The new version of the family comedy centers on a multiracial, blended family of 12 who try to navigate a hectic home life while also managing a family business.

The film is slated to drop on the streaming service next year.

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“South Park” fans will get another coronavirus-focused comedy as the animated series drops a sophomore special, “South ParQ The Vaccination Special,” next month.

The hour-long episode is a follow up to last year’s “South ParQ The Pandemic Special,” which saw the show’s best ratings in seven years.

“South ParQ The Vaccination Special” will air on MTV2 on March 10.

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Anthony Bourdain’s crime novel “Gone Bamboo” will be the basis for a new scripted series.

Set on the island of St. Martin, the novel follows assassin Henry Denard who enlists the help of his volatile wife after he botches a career-capping hit. Together the two must dispatch the villains and keep the peace in their tropical paradise.

This is Bourdain’s second book to be adapted to the small screen.

The celebrity chef, who passed away in 2018, also wrote several episodes of HBO series “Treme.”

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Disney has slapped a warning label on its streaming release of the children’s classic “The Muppet Show,” warning of “offensive content.”

Five seasons of the show hit the streaming service on Friday with a disclaimer that reads:

“This program includes negative depictions and/or mistreatment of people or cultures. These stereotypes were wrong then and are wrong now. Rather than remove this content, we want to acknowledge its harmful impact, learn from it and spark conversation to create a more inclusive future together.”

“The Muppets” was once celebrated for its depictions of Native American, Middle Eastern, and Asian people.

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Samara Weaving has been cast as ex-Playmate Holly Madison in a limited series.

The project, from Sony Pictures Television, will be based on Madison’s 2015 memoir “Down the Rabbit Hole: Curious Adventures and Cautionary Tales of a Former Playboy Bunny.”

Madison, an ex-girlfriend of Hugh Hefner, was a key cast member in the E! reality show “The Girls Next Door,” which chronicled the exploits of several Playmates living with Hefner.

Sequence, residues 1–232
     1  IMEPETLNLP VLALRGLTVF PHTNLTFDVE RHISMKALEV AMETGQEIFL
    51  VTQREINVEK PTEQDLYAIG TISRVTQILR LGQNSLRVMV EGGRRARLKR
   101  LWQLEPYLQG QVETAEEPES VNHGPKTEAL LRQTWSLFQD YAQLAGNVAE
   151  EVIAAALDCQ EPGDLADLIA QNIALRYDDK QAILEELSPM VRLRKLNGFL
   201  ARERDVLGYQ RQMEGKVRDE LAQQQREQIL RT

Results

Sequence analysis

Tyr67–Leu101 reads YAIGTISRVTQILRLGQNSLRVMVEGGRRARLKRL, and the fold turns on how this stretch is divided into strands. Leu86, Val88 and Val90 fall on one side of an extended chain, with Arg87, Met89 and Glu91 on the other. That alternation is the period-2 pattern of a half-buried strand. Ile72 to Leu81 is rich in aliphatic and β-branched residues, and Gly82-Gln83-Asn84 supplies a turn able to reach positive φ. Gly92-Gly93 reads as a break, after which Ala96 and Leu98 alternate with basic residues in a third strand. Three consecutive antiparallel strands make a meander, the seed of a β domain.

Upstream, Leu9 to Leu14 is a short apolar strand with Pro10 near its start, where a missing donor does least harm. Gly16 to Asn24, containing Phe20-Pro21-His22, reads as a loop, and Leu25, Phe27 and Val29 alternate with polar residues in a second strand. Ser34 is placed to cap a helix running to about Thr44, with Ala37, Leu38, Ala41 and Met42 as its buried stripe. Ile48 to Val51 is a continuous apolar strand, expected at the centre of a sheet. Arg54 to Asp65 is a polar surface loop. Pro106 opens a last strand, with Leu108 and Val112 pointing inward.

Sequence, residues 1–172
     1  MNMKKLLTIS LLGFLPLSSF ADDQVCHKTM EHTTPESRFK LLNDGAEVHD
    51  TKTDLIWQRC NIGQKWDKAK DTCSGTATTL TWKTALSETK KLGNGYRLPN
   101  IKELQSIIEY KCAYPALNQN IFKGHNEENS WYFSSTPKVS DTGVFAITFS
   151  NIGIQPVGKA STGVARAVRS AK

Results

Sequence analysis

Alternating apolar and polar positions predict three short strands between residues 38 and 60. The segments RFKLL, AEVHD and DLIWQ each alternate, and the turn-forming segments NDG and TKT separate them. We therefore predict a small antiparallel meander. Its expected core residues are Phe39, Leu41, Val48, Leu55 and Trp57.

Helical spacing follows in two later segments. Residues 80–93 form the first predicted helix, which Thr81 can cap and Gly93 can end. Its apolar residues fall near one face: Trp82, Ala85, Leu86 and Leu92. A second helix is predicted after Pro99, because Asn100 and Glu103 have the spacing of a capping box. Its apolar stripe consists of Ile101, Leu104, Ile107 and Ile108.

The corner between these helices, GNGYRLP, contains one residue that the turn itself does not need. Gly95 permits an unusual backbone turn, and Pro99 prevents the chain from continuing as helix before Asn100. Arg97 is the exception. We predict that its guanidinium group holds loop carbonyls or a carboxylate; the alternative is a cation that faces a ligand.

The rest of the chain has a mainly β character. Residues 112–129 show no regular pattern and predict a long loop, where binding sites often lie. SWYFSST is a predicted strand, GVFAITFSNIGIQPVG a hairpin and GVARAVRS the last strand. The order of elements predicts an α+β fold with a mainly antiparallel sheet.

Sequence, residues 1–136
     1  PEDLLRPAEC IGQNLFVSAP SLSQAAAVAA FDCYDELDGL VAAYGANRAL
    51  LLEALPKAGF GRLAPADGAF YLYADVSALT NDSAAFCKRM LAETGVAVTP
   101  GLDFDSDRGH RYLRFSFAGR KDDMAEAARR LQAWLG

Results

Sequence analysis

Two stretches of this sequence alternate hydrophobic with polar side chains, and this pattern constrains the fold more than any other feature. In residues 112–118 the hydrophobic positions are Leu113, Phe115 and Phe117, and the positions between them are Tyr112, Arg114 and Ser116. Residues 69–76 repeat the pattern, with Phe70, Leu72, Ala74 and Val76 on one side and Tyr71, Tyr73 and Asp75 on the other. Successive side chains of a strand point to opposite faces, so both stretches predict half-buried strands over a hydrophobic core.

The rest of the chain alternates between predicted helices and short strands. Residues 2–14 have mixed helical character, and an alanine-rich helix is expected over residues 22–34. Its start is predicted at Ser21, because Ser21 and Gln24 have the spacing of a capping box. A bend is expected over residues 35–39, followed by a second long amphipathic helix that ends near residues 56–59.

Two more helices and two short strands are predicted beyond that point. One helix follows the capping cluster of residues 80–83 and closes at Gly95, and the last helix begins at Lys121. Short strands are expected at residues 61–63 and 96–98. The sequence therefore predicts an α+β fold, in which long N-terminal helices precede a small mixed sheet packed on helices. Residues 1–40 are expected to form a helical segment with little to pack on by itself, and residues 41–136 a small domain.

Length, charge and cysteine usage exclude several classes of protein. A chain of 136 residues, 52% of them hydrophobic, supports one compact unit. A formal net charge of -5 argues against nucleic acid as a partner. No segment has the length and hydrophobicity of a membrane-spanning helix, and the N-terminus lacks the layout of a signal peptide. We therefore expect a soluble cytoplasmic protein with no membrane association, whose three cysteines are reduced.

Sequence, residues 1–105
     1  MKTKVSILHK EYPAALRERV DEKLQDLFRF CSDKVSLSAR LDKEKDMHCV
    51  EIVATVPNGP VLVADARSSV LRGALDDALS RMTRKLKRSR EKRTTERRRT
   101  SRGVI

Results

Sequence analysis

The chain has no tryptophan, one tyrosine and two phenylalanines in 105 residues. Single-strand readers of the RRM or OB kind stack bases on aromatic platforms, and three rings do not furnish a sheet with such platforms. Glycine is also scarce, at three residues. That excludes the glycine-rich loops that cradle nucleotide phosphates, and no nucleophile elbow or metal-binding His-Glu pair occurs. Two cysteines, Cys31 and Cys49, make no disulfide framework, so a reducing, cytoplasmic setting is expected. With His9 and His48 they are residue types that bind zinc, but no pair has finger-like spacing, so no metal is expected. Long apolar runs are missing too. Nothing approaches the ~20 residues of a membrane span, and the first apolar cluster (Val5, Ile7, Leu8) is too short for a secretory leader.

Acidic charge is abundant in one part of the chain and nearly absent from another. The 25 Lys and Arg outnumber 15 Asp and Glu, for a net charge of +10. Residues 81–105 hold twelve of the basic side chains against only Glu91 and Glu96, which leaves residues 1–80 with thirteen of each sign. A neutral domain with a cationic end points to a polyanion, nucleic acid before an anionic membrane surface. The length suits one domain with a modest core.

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Ken Jennings bid “Jeopardy!” fans farewell in a tweet late Friday.

After his final episode as guest host of the game show aired, the champion wrote, “That’s a wrap on my six weeks. Thanks for watching, thanks for your patience with a tough learning curve…and, as always, thank you Alex.”

Jennings began his hosting gig after Alex Trebek’s passing last November.

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Ella Emhoff has landed her first magazine cover.

The step-daughter of Vice President Kamala Harris is featured on Berlin-based art and fashion magazine Dust’s Spring 2021 issue.

For the cover shoot, Emhoff is wearing a pastel patchwork knit jacket of her own design. Inside the magazine she sported designer duds from brands including Balenciaga, Prada and Miu Miu.

The budding fashion designer spoke of her love for the craft, telling the magazine that its a “cathartic experience” and her “therapy.”

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Sports

Novak Djokovic won his ninth Australian Open championship and 18th Grand Slam title after beating Daniil Medvedev in the Grand Slam final, 7-5, 6-2, 6-2.

The win puts him within two of the men’s record of 20 shared by Roger Federer and Rafael Nadal

The No. 1-seeded Djokovic has won the trophy three years in a row at Melbourne Park.

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Christopher Bell scored his first career NASCAR Cup Series victory at the Daytona International Speedway Race Course on Sunday.

The win came in Bell’s 38th Cup start and he is now the 15th NASCAR driver to win his first race on a road coarse.

In second was Joey Logano, followed by Denny Hamlin in third, Kurt Busch in fourth and Brad Keselowski in fifth.

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Day of the Year

National California Day
National Cook a Sweet Potato Day
National Margarita Day
For the Love of Mike Day
National Wildlife Day
Play More Cards Day
World Thinking Day

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On This Date

1819 – Secretary of State John Quincy Adams agrees to the purchase of Florida from the Spanish.